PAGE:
The following summary, from the editors of ControlGlobal.com, was derived from a presentation at Rockwell’s Automation Fair 2009 in Anaheim, California.
"There's always the pressure to do more or to do the same with less," said Duane W. Hiveley, manager, controls engineering, at Teva Parenteral Medicines. "Management is asking whether we really need new equipment or if different equipment can be used. There are many approaches to the idea of cost containment. The main thing is to make sure you have a simple approach on which to base performance."
Hiveley, who led the implementation of an overall equipment effectiveness (OEE) system at Teva, recommended asking yourself how well you really know your manufacturing line performance. How does downtime affect your profits? "It measurably affects your downtime in wasted labor and materials, lost production, reduced customer service and interruptions to other processes," he explained. "What can be done to unify common goals? You can't improve what you can't see, and you can't control what you can't measure."
OEE can be measured by looking at availability, performance and quality. "OEE is the simplest key performance indicator (KPI)," he said. "It measures how much is made that can be sold, vs. what could have been made. OEE software is not an HMI or SCADA application. It's good for general guidance and excellent for summarization, but it's not real-time data collection."
Implementing software that monitors manufacturing line equipment and provides an OEE and process reliability visualization tool is worth the investment, Hiveley said. Improving operational efficiencies targets line effectiveness and addresses the growing efforts to reduce costs and make a positive impact on the bottom line.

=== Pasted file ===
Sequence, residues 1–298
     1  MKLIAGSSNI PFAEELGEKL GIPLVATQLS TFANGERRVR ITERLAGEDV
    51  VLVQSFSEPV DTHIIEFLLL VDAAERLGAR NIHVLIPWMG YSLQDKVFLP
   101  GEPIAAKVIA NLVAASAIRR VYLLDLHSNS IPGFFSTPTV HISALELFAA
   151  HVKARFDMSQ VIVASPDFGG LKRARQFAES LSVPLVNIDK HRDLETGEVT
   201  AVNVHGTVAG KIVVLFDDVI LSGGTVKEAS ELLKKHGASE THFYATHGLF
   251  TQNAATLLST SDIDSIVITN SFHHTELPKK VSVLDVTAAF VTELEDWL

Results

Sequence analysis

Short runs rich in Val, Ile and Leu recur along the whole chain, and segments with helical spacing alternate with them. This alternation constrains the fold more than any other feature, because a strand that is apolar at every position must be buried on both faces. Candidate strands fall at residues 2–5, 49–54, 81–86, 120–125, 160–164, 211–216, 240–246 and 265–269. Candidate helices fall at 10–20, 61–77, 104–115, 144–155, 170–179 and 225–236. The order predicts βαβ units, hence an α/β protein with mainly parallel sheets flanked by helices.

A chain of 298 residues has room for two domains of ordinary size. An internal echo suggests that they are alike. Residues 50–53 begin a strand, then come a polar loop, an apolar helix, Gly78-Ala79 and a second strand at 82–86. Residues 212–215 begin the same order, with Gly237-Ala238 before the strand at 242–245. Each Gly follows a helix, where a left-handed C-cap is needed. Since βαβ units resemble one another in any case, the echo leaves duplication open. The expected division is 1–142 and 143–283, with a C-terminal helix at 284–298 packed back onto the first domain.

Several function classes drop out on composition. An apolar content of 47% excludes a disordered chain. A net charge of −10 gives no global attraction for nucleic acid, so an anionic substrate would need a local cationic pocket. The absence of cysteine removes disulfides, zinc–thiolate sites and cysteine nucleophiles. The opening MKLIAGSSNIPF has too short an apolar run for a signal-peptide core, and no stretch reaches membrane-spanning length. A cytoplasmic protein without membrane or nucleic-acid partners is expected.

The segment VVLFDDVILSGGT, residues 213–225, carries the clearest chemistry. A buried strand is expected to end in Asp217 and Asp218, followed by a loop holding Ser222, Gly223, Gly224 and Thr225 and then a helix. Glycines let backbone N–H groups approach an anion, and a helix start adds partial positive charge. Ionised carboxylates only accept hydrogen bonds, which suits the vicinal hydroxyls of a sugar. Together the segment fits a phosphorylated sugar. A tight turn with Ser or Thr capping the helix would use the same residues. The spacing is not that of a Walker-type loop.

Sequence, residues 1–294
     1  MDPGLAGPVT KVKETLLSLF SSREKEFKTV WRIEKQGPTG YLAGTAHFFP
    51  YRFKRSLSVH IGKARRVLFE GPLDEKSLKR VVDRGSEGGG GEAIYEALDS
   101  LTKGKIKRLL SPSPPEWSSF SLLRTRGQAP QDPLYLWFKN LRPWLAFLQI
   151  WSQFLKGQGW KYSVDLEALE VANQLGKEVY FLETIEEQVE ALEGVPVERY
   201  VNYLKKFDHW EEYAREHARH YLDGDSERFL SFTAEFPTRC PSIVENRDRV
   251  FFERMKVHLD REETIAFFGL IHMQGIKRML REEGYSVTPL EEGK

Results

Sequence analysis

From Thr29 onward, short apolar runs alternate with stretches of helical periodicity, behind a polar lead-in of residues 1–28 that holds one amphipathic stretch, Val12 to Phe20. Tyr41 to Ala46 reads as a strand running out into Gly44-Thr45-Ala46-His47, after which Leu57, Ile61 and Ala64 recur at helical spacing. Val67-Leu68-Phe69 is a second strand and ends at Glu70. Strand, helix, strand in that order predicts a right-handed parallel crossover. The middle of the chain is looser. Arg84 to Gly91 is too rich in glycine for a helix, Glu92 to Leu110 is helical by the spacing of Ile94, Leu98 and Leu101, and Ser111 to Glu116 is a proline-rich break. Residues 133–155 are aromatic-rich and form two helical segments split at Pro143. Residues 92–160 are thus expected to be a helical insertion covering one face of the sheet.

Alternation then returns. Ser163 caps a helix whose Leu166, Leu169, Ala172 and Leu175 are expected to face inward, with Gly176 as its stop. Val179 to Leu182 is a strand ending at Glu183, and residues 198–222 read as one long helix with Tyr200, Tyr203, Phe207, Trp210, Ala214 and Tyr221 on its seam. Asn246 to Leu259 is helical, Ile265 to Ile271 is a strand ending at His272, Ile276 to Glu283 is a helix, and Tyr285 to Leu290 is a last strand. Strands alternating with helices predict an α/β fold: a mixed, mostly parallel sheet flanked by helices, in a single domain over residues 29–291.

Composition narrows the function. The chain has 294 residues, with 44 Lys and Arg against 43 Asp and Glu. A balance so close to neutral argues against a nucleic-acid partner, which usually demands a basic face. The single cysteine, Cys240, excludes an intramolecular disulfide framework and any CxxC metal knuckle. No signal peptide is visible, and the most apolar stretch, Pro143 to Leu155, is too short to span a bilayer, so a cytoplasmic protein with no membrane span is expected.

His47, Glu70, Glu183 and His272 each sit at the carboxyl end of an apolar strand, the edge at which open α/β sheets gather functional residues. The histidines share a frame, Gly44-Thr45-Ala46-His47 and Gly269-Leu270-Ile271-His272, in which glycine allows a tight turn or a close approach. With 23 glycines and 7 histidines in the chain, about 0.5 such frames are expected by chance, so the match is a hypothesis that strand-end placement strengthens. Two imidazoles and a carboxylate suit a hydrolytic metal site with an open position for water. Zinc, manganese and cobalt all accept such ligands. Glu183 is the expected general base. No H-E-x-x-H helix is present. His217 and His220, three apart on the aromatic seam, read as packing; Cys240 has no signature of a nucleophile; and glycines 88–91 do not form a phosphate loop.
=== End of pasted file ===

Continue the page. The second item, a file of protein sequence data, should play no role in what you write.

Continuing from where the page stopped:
The implementation of line monitoring software is relatively simple. The biggest hurdles are the commitment to create manufacturing visibility and gaining the buy-in of the line operators. The collection of data and the translation of data into knowledge to make lasting process improvements is what OEE is about.
"We specified an OEE system, the Rockwell Automation FactoryTalk Metrics solution, in 2009 on a packaging line with high visibility and high utilization," explained Hiveley. "We needed the solution to be bolt-on, and we didn't want to add PLC code to get the data. We wanted it to be connected to the company intranet, and the HMI location was very important to us. There are limited operators on the line, and we wanted them to easily access the system so they would use it."
Teva chose FactoryTalk Metrics Server, PanelView, CompactLogix and two web-based PCs that were put on the line to create a high-profile implementation and to demonstrate how the OEE system could work throughout the company. "This took us one day to install, and it was very non-invasive," he said.